In his first health IT speech since assuming his post as U.S. Secretary of Health and Human Services, Tom Price, M.D., addressed Datapalooza attendees emphasizing the need to simplify reporting and usability burdens in electronic health records (EHRs).
“The promise of health IT is so great, but we must recognize that a one-size-fits-all, inflexible system for our nation’s patients and physicians simply will not work,” he said. “We’ll work on reducing burdens from the federal level but folks on the ground need to help make certain that IT increases usability and interoperability for physicians and patient, and I’m optimistic of the innovations you can come up with to make that happen.”
Other federal government officials at the conference included U.S. Representative Michael Burgess (R-TX) who echoed some of the challenges mentioned by Price, including lack of advancement towards true interoperability throughout the health care system.
U.S. Health and Human Services Office for Civil Rights Director Roger Severino focused on the importance of data privacy and security noting, “With big data come big responsibilities.”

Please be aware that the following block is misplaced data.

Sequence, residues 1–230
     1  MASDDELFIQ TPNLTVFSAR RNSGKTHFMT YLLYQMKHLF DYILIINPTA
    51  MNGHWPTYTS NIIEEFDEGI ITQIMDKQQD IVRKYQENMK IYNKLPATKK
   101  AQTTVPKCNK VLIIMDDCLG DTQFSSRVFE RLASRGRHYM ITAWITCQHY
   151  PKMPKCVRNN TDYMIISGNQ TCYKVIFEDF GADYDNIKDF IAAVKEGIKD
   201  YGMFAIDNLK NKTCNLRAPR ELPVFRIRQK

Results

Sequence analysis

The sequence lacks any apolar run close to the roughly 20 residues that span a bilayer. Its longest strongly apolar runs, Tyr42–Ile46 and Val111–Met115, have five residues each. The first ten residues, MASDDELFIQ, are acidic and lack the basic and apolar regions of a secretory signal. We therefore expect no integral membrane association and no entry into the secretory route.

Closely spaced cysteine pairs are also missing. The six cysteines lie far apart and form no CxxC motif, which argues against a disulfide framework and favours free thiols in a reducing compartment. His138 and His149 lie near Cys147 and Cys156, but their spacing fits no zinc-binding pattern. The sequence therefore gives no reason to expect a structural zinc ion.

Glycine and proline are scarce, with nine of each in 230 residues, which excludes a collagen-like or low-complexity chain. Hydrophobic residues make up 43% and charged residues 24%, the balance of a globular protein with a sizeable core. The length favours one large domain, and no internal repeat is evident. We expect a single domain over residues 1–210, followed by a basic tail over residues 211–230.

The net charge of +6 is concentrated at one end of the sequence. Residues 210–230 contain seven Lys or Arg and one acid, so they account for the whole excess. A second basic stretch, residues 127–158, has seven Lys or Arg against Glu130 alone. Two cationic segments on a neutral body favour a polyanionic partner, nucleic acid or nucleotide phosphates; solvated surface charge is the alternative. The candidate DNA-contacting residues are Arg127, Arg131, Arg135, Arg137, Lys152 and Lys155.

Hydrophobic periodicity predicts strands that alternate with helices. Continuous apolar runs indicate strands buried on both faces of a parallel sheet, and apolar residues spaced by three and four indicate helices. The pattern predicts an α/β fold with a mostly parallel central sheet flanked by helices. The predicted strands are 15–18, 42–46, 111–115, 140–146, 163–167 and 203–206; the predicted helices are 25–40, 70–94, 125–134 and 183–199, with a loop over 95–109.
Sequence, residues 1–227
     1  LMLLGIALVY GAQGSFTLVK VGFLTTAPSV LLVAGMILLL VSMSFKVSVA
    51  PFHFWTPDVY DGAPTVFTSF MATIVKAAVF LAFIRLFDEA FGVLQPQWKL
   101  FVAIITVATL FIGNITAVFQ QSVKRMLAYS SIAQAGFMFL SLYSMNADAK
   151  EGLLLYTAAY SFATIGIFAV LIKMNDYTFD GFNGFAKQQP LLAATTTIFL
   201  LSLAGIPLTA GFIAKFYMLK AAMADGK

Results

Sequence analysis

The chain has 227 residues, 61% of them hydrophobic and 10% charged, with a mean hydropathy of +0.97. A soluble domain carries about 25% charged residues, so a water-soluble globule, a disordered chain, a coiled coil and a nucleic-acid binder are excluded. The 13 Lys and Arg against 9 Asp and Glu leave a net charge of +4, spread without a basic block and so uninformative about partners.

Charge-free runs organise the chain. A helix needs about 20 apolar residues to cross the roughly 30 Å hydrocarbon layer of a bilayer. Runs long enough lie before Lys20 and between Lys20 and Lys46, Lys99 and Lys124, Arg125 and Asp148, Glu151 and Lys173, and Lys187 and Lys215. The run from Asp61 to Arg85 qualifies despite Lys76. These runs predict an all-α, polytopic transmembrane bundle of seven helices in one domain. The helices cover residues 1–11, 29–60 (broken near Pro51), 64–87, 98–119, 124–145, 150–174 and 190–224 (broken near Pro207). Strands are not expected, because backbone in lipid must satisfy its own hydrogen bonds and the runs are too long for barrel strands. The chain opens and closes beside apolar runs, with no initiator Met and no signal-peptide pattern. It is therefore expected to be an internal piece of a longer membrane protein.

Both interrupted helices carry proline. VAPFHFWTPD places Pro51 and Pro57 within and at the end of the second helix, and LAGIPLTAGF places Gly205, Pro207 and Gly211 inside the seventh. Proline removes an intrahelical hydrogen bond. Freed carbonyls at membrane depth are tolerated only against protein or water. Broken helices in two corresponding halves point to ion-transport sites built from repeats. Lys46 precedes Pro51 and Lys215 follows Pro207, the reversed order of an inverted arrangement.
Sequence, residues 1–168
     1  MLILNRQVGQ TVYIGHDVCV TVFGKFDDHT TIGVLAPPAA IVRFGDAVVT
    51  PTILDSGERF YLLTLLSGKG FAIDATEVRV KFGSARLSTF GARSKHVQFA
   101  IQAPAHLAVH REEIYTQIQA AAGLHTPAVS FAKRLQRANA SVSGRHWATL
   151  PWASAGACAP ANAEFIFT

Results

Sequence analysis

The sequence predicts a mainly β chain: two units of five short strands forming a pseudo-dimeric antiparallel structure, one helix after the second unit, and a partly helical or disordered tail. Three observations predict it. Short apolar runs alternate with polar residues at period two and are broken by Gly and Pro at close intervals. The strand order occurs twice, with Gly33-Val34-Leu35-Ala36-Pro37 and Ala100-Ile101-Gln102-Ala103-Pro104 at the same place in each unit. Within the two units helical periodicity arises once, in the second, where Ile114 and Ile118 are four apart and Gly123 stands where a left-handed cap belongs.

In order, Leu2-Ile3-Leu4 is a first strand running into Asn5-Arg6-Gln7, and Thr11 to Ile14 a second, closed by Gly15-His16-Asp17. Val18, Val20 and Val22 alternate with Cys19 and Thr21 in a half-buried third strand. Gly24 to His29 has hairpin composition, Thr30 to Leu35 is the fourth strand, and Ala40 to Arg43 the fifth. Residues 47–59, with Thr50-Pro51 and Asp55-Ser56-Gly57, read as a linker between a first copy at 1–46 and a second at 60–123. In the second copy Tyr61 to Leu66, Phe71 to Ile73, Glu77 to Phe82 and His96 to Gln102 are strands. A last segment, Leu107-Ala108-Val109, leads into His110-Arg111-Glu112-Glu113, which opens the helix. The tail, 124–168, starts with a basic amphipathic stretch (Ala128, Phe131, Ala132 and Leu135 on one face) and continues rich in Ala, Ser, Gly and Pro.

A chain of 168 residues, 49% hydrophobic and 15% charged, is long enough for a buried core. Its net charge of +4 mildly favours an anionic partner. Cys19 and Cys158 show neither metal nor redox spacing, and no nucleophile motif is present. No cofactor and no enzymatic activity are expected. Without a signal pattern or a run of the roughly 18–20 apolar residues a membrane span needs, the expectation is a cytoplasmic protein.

Bringing an international perspective, Saudi Minister of Health Tawfiq Alrabiah highlighted health care innovation in Saudi Arabia outlining how the government uses Uber to deliver vaccines directly to patients’ homes.
Government policy makers certainly represent an important perspective when it comes to using data to improve health and health care, but Datapalooza is unique in its ability to offer cross sector discussions around the future of health data and how that data can be used to challenge current practices and trigger change in the industry.
Director of Duke Margolis Center for Health Policy Mark McClellan emphasized the symbiotic relationship between policy reform and new opportunities for delivery system transformation.